In 2007 the federal government purchased new intercity buses from Germany, bypassing two highly qualified Canadian firms.
In 2008 the uniforms for our Canadian Olympic team were outsourced to China.
Between April 1, 2007 and March 31, 2008, there were 466 contracts under the NAFTA threshold of $28,000 that were awarded to vendors in the United States. In the same time period, the federal government awarded 47 competitive contracts valued at $47 million to vendors in the United States for communications equipment, equipment which is exempt from NAFTA.
Our lack of a made in Canada policy shuts out Canadian workers from the jobs that should be created in Canada by Canadian companies, jobs that should go to workers in London, Winnipeg, St. Thomas, Montreal, Vancouver and Halifax.
I want this House and the members herein to know that I am proud of this bill and feel privileged to be able to present it to the people of my riding on behalf of the many Canadians who have lost jobs and have been forgotten by the government. They have been forgotten and discounted by a government that prefers to acquiesce to trade rules that undermine Canadian sovereignty. It has actually made a point of telling Canadians that despite the fact that our trading partners--the United States, Japan, China, Mexico and most European countries--understand that investing in local communities makes good economic sense, it will not stand on the side of Canadian workers and Canadian companies.
It is the absolute obligation of this House and its members to bring forward legislation, whether it be government legislation or private members' bills, that ensures the security and safety of each member of our society. That security is a singular trust. No citizen of this country should ever suffer because of legislation that is driven by self-service or that is designed to appeal to any narrow or hurtful motivation.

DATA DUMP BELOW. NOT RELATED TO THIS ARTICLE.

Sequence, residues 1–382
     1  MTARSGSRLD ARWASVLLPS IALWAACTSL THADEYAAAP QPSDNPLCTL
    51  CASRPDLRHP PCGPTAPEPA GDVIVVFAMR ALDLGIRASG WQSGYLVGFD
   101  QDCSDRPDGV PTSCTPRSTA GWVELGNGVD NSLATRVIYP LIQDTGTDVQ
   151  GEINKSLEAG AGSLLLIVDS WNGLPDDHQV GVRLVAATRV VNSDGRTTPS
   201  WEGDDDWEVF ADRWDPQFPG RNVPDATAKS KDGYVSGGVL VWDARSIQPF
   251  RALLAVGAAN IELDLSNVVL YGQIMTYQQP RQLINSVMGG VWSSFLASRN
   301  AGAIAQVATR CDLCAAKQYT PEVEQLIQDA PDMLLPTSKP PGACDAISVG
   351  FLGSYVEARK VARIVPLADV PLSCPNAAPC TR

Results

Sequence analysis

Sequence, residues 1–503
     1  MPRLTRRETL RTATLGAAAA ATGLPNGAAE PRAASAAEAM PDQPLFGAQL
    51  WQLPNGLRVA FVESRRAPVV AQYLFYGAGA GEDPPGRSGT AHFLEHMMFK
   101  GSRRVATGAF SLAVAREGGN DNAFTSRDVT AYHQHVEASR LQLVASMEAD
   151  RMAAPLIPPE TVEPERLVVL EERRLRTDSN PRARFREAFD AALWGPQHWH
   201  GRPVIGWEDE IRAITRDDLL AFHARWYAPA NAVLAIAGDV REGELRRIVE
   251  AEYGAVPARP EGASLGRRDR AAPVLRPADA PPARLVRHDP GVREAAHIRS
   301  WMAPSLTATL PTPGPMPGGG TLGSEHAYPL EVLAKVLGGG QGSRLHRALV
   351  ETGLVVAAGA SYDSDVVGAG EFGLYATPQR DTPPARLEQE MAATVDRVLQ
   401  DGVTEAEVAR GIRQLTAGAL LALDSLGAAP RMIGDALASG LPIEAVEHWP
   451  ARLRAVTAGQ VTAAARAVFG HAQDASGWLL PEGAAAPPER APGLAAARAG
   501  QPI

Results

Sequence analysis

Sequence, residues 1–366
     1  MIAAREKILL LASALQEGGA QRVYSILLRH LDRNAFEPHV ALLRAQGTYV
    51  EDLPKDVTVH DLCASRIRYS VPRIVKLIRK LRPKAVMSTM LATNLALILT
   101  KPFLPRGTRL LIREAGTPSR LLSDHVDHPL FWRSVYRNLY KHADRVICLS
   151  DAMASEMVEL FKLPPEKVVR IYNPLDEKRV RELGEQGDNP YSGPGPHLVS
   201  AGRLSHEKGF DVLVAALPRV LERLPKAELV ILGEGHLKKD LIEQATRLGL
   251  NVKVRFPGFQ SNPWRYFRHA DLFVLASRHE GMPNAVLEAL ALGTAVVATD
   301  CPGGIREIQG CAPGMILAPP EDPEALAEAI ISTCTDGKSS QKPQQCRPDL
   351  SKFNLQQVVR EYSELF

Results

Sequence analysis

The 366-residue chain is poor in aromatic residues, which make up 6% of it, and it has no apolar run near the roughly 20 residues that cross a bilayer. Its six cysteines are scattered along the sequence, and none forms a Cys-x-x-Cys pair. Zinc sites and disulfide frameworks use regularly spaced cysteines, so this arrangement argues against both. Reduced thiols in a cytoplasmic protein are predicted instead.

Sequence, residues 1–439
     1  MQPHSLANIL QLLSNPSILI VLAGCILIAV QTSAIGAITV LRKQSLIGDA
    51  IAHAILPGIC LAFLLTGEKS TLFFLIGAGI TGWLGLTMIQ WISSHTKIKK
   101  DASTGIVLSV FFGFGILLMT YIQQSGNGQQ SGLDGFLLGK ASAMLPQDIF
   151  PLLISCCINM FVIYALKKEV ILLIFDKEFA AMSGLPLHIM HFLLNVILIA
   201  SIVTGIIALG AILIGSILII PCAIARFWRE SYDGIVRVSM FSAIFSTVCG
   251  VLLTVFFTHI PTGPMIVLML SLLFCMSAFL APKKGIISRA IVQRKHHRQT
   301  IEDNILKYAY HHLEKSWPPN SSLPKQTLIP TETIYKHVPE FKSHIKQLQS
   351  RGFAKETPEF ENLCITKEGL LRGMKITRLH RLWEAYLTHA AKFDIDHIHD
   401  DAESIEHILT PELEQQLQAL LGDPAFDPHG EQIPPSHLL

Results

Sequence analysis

Everything we bring to this place must serve this country and its people. That is what my bill is about. It goes to the core of the reason I chose to offer service to the people of London--Fanshawe and to all the people like them who built this country by their labour, their ingenuity and their commitment to community.
I ask members of this House to show commitment to community and to pass this made in Canada bill for the people of the present, for the people of the future, and for the sake of this country.
Made in Canada Act
Private Members' Business
September 18th, 2009 / 1:30 p.m.
Irene Mathyssen London—Fanshawe, ON
moved that Bill C-392, An Act respecting the use of government procurements and transfers to promote economic development, be read the second time and referred to a committee.
Mr. Speaker, the current debate on protectionism, trade and the U.S. buy American policy has been framed around the claim that protectionism was the cause of the Great Depression and that the Government of the United States is moving dangerously toward greater protectionism.
In fact, before they even knew the details of the buy American provision in the U.S. Congress stimulus bill, the Conservatives were out defending free trade and criticizing American protectionism.
The Canadian government acted aggressively against the U.S. Democratic government's stimulus plan despite the fact that existing U.S. law already created local content requirements under the buy American act which dates back to the early 1930s.
A small fraction of the procurement in the buy American bill would have been under federal U.S. jurisdiction. Most of the money was destined for the states and cities to spend under their own local procurement rules.
The bill I have introduced is straightforward instituting a made in Canada procurement policy for the federal government and its agencies. The bill would ensure that Canadian companies are given the first opportunity to bid on federal government contracts that are not restricted by international trade agreements such as NAFTA or the WTO.